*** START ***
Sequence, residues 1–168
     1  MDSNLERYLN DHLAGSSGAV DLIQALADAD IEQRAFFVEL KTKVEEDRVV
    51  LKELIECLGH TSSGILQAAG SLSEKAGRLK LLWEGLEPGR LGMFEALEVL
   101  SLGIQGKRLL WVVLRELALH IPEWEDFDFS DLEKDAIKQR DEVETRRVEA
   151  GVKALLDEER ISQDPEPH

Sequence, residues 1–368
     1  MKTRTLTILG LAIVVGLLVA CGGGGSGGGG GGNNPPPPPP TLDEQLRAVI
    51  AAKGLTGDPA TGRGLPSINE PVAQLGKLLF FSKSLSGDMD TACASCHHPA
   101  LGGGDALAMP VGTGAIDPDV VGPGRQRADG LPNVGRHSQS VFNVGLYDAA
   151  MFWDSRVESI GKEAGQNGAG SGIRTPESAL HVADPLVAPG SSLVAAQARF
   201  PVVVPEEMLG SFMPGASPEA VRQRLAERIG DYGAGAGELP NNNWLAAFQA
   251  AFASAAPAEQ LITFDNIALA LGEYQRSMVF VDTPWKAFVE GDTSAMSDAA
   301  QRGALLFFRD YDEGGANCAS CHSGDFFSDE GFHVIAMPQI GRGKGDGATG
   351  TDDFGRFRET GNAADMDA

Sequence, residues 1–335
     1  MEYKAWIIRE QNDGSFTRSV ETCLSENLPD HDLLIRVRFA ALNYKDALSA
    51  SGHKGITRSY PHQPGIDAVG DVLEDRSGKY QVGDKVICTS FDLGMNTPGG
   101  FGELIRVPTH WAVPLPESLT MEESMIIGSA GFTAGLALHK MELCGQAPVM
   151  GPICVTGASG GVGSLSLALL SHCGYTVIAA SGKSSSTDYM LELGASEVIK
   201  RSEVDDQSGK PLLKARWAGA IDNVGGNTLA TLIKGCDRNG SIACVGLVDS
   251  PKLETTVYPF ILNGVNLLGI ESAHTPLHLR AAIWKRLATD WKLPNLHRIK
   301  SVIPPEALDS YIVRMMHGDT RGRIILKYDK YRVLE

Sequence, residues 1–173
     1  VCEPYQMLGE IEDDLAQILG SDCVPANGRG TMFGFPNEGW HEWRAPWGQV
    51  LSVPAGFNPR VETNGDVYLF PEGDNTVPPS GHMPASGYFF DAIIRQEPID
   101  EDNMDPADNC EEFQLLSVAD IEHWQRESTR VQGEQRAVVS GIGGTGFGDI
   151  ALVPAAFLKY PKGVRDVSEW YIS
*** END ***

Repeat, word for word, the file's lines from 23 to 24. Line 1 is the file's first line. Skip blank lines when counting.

Sequence, residues 1–173
     1  VCEPYQMLGE IEDDLAQILG SDCVPANGRG TMFGFPNEGW HEWRAPWGQV